consequently have the same obligations to comply with any request as if it were issued by the
law enforcement agency of its main establishment.

The European Commission should seek to replicate the provisions of the EIO whereby the law
enforcement agency in the issuing Member State is obligated to assess whether the evidence
being sought is necessary and proportionate for the purposes of the investigation.

To avoid the erosion of trust amongst citizens, the future legal framework should also ensure that
a law enforcement authority effectively demonstrates that the investigative measure and
evidence being sought ensure the full respect for the EU Charter of Fundamental Rights
(CFREU). Any limitation of such rights would need to meet the strict proportionality and
necessity requirements as set out in Article 52 CFREU.

2. Investigative Measures & Jurisdiction

When considering the investigative measures to be introduced by the future legal framework, we
believe the proposal should create the ability for law enforcement agencies to issue production
requests (leaving to the discretion of the service provider a decision on whether to provide a
response) and production orders (an obligation on service providers to respond).

BSA recognises that the use of such investigative measures, particularly production orders,
represents a departure from standard criminal investigative procedure in most Member States
and may lead to questions of jurisdiction. We therefore encourage the future legal framework to
clarify that such measures should only be triggered where the investigated conduct is recognised
as a serious criminal offense. We believe that the introduction of a minimum threshold defining
the applicable offenses could achieve this goal. The listing of such applicable offenses could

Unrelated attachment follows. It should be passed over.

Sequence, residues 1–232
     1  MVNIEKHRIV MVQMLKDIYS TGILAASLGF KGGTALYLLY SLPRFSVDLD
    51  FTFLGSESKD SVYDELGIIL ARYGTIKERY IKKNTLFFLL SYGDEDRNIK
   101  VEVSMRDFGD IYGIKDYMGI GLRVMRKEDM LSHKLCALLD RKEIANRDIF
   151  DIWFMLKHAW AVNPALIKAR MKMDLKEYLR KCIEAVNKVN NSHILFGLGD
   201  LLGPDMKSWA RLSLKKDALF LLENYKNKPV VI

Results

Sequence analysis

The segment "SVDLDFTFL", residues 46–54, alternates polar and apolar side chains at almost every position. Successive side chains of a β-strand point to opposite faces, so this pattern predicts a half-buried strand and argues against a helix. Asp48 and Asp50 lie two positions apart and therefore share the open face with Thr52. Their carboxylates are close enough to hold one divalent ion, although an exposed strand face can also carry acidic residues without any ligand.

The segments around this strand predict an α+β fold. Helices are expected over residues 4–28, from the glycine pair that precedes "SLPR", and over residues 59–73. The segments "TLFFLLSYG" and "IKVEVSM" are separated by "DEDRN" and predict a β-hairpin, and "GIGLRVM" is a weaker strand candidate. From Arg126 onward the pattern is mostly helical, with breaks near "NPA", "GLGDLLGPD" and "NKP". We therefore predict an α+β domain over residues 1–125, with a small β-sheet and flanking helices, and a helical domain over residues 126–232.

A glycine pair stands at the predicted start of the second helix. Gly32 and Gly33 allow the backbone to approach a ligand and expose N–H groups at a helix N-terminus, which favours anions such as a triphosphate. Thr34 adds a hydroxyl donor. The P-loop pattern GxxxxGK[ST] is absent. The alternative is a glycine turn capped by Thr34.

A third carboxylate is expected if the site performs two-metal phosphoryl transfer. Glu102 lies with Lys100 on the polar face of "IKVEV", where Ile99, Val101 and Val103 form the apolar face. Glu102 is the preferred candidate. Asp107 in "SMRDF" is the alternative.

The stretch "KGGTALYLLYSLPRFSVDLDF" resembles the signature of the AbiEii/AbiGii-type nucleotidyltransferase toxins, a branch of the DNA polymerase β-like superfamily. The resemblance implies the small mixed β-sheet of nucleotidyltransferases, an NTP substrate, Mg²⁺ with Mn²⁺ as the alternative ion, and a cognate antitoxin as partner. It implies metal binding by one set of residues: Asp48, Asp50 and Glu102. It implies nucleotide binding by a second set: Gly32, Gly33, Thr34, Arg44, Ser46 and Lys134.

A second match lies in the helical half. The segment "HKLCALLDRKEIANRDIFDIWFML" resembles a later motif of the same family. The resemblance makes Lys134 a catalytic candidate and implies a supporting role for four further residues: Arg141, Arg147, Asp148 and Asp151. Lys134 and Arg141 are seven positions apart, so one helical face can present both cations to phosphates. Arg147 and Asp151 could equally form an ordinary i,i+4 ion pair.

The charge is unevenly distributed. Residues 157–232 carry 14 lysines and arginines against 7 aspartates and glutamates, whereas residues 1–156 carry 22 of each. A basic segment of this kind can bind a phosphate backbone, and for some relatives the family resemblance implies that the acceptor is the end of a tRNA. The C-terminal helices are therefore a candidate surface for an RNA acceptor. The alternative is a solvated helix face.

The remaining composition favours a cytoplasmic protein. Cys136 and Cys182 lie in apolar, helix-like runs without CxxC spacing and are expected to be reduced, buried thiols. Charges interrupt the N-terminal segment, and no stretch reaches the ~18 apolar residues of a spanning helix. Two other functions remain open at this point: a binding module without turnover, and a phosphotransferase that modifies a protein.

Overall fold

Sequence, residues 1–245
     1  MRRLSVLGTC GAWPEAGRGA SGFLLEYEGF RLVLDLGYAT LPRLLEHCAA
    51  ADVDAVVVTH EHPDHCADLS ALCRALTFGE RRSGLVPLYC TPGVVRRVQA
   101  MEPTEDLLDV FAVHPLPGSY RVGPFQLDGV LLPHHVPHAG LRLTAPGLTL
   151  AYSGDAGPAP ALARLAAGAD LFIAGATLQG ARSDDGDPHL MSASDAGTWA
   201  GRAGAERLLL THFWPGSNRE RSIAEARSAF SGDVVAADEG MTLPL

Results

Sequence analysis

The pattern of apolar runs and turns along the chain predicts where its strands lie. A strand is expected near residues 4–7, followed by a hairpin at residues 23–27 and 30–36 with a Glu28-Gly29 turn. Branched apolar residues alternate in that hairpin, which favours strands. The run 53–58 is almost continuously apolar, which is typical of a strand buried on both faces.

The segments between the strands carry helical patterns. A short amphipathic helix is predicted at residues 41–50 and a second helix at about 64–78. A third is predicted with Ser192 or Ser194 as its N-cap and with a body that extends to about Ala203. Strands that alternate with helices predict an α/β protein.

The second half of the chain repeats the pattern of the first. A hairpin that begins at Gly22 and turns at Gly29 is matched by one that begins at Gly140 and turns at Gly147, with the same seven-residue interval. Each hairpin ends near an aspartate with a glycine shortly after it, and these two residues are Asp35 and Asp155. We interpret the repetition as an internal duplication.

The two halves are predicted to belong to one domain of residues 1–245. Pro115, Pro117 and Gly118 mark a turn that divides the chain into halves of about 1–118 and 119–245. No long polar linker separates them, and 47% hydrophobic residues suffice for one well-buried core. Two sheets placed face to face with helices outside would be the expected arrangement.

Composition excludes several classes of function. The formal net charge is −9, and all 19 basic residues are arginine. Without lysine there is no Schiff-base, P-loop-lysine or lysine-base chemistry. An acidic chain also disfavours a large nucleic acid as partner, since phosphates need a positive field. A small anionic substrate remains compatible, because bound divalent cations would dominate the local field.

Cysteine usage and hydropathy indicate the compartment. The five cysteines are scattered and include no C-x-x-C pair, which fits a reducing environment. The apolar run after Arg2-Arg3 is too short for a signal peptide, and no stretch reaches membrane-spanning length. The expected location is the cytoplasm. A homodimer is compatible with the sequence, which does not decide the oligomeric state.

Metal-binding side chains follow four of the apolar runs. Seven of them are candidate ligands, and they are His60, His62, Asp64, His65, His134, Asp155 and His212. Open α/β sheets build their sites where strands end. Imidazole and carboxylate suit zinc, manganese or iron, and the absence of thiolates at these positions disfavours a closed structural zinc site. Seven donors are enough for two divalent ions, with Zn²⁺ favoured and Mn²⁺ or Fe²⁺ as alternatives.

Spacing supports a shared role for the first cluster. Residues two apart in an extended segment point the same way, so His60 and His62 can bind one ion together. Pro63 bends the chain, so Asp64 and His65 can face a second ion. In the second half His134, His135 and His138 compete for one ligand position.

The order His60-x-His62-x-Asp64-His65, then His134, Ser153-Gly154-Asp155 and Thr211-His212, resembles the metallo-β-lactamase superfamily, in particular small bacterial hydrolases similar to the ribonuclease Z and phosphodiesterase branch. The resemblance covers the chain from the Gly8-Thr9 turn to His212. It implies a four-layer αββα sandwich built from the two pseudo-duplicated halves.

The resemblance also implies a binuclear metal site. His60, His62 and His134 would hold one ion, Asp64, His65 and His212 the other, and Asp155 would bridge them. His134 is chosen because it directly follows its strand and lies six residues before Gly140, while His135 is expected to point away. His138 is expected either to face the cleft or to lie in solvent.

build upon those set out in Annex D of the EIO. In instances where jurisdiction could be claimed
by more than one Member State, we believe that conflicts could be resolved in accordance to
the procedures set out in Framework Decision 2009/948/JHA.

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Regarding the jurisdictional trigger for enabling a request, the framework should cover service
providers offering services in the Member State of the requesting law enforcement authority.
This is consistent with the Council of Europe Budapest Convention on Cybercrime (CoE
Convention) 3.

3. Applicable Data

BSA recognises that various definitions exist for data generated and processed by digital service
providers that are of interest to Member State law enforcement authorities. These include
subscriber information as set out in the CoE Convention, traffic data and location data as
set out in current ePrivacy Directive 4, and electronic communications metadata and electronic
communications content as set out in the draft ePrivacy Regulation. We believe that the future
legislation would benefit from a harmonised definition of the data exchanged in the context of
judicial cooperation, while setting out a clear hierarchy between each category of data in terms
of the extent to which they interfere with an individuals privacy.